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Old 09-17-2010, 08:53 AM   #1
DiJ
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OS Change / Install


Hi,

I need to change from CentOS 4.8 to Redhat Enterprise 5.
1) What is my best option to upgrade and maintain the additional software that I have installed in /opt & /usr/local?

/dev/sda3 57G 36G 19G 66% /
/dev/sda1 494M 48M 422M 11% /boot
none 32G 0 32G 0% /dev/shm
/dev/md0 135G 21G 108G 17% /mnt/scratch0
/dev/sde1 4.5T 2.0T 2.5T 44% /array

2) Process to reinstall/configure the additional drives during & after the install?
/dev/md0 135G 21G 108G 17% /mnt/scratch0
/dev/sde1 4.5T 2.0T 2.5T 44% /array

Thank you for your time
 
Old 09-17-2010, 09:46 AM   #2
TB0ne
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Registered: Jul 2003
Location: Birmingham, Alabama
Distribution: SuSE, RedHat, Slack,CentOS
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Quote:
Originally Posted by DiJ View Post
Hi,

I need to change from CentOS 4.8 to Redhat Enterprise 5.
1) What is my best option to upgrade and maintain the additional software that I have installed in /opt & /usr/local?

/dev/sda3 57G 36G 19G 66% /
/dev/sda1 494M 48M 422M 11% /boot
none 32G 0 32G 0% /dev/shm
/dev/md0 135G 21G 108G 17% /mnt/scratch0
/dev/sde1 4.5T 2.0T 2.5T 44% /array

2) Process to reinstall/configure the additional drives during & after the install?
/dev/md0 135G 21G 108G 17% /mnt/scratch0
/dev/sde1 4.5T 2.0T 2.5T 44% /array

Thank you for your time
Sorry, that's not going to be possible in any easy fashion. CentOS is NOT RedHat enterprise, so there's no 'upgrade' option available (at least as far as I know). Even if there is, there are many problems with upgrades...old libraries get left behind, different versions of things clobber each other, etc. The best option for a solid server, is always a clean install. Back up your software, data, and config files, and do a fresh format/install. The good news is, that you probably don't have to format the /dev/sde device, and can just re-mount it afterwards. The tape device is just that...a tape.

And since you're going to RHEL, the best advice anyone here can give you is to CALL THEM. You're paying for support with your RHEL subscription...they can answer all your questions.
 
Old 09-17-2010, 10:38 AM   #3
DiJ
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Thank you for the information.
 
Old 09-17-2010, 10:55 AM   #4
CincinnatiKid
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Is your /opt and /usr/local on their own partitions, or on /? If there are their own partitions, just don't format them and use them in RHEL.
 
Old 09-17-2010, 11:13 AM   #5
TB0ne
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Quote:
Originally Posted by lewisforlife View Post
Is your /opt and /usr/local on their own partitions, or on /? If there are their own partitions, just don't format them and use them in RHEL.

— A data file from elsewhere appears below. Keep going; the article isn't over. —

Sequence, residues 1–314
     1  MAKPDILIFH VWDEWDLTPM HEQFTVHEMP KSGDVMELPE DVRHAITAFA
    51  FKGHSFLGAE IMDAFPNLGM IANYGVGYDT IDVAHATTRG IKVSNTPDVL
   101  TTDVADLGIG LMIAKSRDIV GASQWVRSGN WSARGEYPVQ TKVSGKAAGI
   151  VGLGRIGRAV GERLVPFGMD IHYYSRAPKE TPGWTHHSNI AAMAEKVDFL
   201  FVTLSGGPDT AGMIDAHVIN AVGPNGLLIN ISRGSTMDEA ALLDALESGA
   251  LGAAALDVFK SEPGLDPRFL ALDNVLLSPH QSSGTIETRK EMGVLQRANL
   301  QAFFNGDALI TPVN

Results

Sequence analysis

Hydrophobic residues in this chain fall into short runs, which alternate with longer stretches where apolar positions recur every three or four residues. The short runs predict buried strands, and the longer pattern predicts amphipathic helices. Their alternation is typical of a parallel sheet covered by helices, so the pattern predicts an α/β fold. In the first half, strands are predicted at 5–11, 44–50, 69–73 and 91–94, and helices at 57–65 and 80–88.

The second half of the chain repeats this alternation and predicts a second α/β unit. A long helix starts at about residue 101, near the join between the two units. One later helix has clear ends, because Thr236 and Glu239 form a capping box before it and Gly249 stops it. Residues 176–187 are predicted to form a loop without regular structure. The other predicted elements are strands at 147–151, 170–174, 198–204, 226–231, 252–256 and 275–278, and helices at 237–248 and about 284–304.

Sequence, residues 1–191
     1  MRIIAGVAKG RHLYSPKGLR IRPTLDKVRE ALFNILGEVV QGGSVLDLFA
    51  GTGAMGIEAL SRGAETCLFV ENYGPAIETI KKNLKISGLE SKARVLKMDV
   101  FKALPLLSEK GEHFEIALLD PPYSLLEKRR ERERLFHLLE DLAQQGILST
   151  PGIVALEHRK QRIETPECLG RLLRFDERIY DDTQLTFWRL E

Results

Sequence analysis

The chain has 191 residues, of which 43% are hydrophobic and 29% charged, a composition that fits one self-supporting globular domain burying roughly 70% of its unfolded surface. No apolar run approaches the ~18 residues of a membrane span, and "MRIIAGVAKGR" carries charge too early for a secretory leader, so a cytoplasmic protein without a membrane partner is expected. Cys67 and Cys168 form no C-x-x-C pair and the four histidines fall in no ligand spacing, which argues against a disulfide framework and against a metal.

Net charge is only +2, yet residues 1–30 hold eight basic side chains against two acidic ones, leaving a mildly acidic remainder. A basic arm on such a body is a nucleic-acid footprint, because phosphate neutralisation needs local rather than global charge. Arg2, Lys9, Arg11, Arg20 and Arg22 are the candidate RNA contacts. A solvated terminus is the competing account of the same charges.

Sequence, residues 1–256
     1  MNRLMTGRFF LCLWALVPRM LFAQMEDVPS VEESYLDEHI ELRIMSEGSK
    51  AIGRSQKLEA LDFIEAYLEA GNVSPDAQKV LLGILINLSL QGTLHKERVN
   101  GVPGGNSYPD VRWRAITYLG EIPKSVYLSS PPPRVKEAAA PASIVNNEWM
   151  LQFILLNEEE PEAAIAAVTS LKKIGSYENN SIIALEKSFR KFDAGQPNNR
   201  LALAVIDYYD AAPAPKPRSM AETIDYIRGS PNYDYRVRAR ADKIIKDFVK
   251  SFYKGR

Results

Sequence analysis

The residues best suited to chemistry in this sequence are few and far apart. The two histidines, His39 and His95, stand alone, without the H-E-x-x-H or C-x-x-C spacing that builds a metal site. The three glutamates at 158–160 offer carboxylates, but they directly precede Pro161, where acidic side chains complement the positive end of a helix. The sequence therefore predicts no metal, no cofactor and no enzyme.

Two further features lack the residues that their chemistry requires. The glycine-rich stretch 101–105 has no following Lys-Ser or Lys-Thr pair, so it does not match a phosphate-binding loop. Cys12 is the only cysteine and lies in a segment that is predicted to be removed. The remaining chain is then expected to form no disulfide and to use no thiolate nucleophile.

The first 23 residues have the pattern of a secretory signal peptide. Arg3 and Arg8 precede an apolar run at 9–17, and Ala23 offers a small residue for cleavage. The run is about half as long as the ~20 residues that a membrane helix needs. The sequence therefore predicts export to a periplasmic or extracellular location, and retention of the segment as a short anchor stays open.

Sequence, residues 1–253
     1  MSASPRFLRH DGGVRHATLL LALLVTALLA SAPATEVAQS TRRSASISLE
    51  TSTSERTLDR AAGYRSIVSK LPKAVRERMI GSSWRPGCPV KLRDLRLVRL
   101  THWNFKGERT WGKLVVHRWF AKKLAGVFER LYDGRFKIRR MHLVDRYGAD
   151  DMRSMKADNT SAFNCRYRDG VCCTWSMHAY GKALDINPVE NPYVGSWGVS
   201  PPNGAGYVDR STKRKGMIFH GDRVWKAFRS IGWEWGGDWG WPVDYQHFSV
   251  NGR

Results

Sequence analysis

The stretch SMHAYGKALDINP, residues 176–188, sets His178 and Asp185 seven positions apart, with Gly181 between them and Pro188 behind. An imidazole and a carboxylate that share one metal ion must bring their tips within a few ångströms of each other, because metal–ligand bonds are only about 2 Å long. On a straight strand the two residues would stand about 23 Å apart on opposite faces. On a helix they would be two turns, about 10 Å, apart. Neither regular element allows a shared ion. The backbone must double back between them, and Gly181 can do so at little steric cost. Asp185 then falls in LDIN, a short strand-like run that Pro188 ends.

They're on his "/" partition...he posted the partition tables in his original post.
 
Old 09-17-2010, 12:55 PM   #6
DiJ
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TB0ne - Is there a list of must have config files that I get and have ready? I have a copy of all files on the system, but would like to make a short list of config files. Also do you know of a script that I can use to make a copy of just those important files?

Thank you
 
Old 09-17-2010, 01:46 PM   #7
TB0ne
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Location: Birmingham, Alabama
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Quote:
Originally Posted by DiJ View Post
TB0ne - Is there a list of must have config files that I get and have ready? I have a copy of all files on the system, but would like to make a short list of config files. Also do you know of a script that I can use to make a copy of just those important files?

Thank you
No, that's like asking "how high is up"?? Without knowing what services you're running, where you installed them, and how, there's no way we can know. And since you can install software ANYWHERE, there can never be a script (unless YOU write one just for your own use), that can do what you're wanting.

Best thing I can suggest is to find out what's running on the box. What services (web? mail? FTP?), and then identify what config files they're using. If you've installed everything via package, most of your config files will be under /etc. For example, "/etc/apache2" would be for your web server, and so on. Other non-system software may have files spread out all over the place, so look at them VERY HARD before doing anything. Sometimes, the config file will be in /etc...but actually be a symbolic link to somewhere else. So when you format that "somewhere else", the config file vanishes (depending on how you back it up, of course).

I'm assuming this is for your place of business. If so, do yourself a HUGE favor, and purchase a brand-new hard drive for that system. When upgrade time comes, take out the one that's there, and put it someplace safe. For added goodness, it's not a bad thing to spring an extra $20 or so for a USB drive enclosure for that device, which I'll explain in a minute.

Unplug your /dev/sde device/arry, so all you're left with is ONE disk drive. Do a clean install, then reboot. Make sure all the hardware/network/etc., is working good. Then plug your array back in, and mount it manually. Make sure IT comes up and works. Then, since you've got your original, untouched hard drive, plug in the USB enclosure, and copy off your config files to your new system, and test your services. If EVERYTHING POSSIBLE goes wrong...all you have to do to get back into production is swap the drives back, and turn the system on. No harm done.
 
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Old 09-17-2010, 04:16 PM   #8
DiJ
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Thank you Tb0ne
 
  


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